7:37 PM: Half in in Pennsylvania, and Clinton is still up four. McGinty is beating that pace, up five against Toomey.

7:29 PM: Colorado is 2/3 in, and Clinton's up 5 there. That's a good thing.

7:24 PM: Ohio called for Trump: He's up by 11 with 75% in.

7:22 PM: On the one hand, Wayne County (Detroit) is only 15% in. On the other hand, Clinton is only up 51/44. Those are cataclysmically bad numbers for her if they hold. Trump is up 50/45 in Michigan as a whole now, with 30% in.

7:20 PM: The only thing really in question in North Carolina right now is the governor's race, where Roy Cooper holds a tiny lead over incumbent Republican Pat McCrory. Ross is down 5.5 points, Clinton 3.5, with 86% in.

7:15 PM: Virginia looking decent for Clinton now, but North Carolina (as well as Florida) almost certainly will go Trump. Michigan and Wisconsin are where it's out now -- and if you thought White working class voters were angry in the southeast....

7:02 PM: Broward County just came in (98%). Trump is still up by 1.5% statewide. Looks like Florida is Trump territory after all. Damn it. Egg on my face (least of my concerns right now, but I'll own it).

6:54 PM: Clinton just took a (tiny) lead in Virginia, with 82% in.

6:52 PM: In Michigan, Clinton is winning Oakland County by 52/44. Earlier in the evening I'd note that's above her county benchmark (49/49). But with rural areas really coming in hard for Trump, the logic is that Clinton needs to badly overperform in counties like Oakland (affluent inner suburbs) to counterbalance Trump's big night out in the exurbs.

6:44 PM: Now it's a 10,000 point gap in Virginia with 80% in. Anyone who follows Virginia politics knows that Democrats tend to keep creeping up in late returns, but it'd be nice if they'd hurry it along and relieve some of my heart palpitations.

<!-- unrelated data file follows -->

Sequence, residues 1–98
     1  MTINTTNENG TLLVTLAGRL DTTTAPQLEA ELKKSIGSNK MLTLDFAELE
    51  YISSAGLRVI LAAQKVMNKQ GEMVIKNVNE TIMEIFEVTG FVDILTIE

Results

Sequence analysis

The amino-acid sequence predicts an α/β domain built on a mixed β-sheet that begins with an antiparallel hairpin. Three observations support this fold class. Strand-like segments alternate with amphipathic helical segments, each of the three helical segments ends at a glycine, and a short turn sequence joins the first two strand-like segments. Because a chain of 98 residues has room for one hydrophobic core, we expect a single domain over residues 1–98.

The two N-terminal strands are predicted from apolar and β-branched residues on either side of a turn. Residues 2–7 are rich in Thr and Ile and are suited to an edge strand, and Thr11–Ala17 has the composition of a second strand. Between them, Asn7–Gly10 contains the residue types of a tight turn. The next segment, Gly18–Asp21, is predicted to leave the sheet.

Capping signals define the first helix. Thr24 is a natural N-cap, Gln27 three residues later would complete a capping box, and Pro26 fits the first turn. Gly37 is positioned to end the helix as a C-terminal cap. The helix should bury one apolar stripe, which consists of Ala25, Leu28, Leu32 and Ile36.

6:36 PM: Clinton is creeping up in Virginia. Down just 25,000 votes with 78% in.

6:27 PM: Still waiting on Broward County. A little less than 2/3 in, which is still a lot. But goodness, it really will be down to the wire.

6:12 PM: Since I was harping on county benchmarks, here's the counterstory. The key big counties, Clinton is overperforming. But there are lots of little counties, and Trump is overperforming there. That's the story in Florida, for example -- we'll see if it's the same nationwide.

6:10 PM: 50% of Broward now in, and its not a big dent in Trump's lead. Now I'm officially nervous.

6:03 PM: FL-07 gets called for Stephanie Murphy -- a Democratic pickup.

6:00 PM: Not that it was remotely in doubt, but Chris Van Hollen will be the next Senator from Maryland. First campaign I ever volunteered on. Still a huge fan. Congratulations Senator!

5:53 PM: I'm still feeling pretty good about Florida, with Broward outstanding, but I understand why people are nervous -- particularly with more rural/exurban locales going hard for Trump.

5:51 PM: Given how catastrophic West Virginia is for Democrats these days, its very impressive that a Democrat is winning the governor's race right now. Jim Justice is up 48/42 with 30% in the Mountain State. Clinton, for her part, is down 65/30.

5:42 PM: North Carolina seems to be slipping away from Deborah Ross at the moment. It's not just that Burr just took a lead. Up 55/41 in Wake County (Raleigh) with 88% in, she wanted to be at 57/42.

5:34 PM: Ohio has quietly reported a third of its votes and Clinton is up 50/46. Again glancing at the benchmarks: Cuyahoga County is Clinton 68/29, she wants 68/31 (it's a third in right now as well).

5:30 PM: Two Florida House seats have already flipped, but they cancel each other out and in any event are the product of redistricting turning a blue seat red and vice versa. The two other high-profile House races there were the FL-13, where ex-Gov. (and ex-GOP) Charlie Crist looks like he'll turn the seat blue (albeit by a closer than expected margin -- he's up 52/48 with 91% in), and the FL-26, where Carlos Curbelo held off a truly awful Democratic candidate in Joe Garcia. But remember when I said to keep an eye on the FL-07? 86% in and Democrat Stephanie Murphy is up 52-48 over incumbent Rep. John Mica. There's more vote left in Mica-friendly turf, but this one looks down to the wire.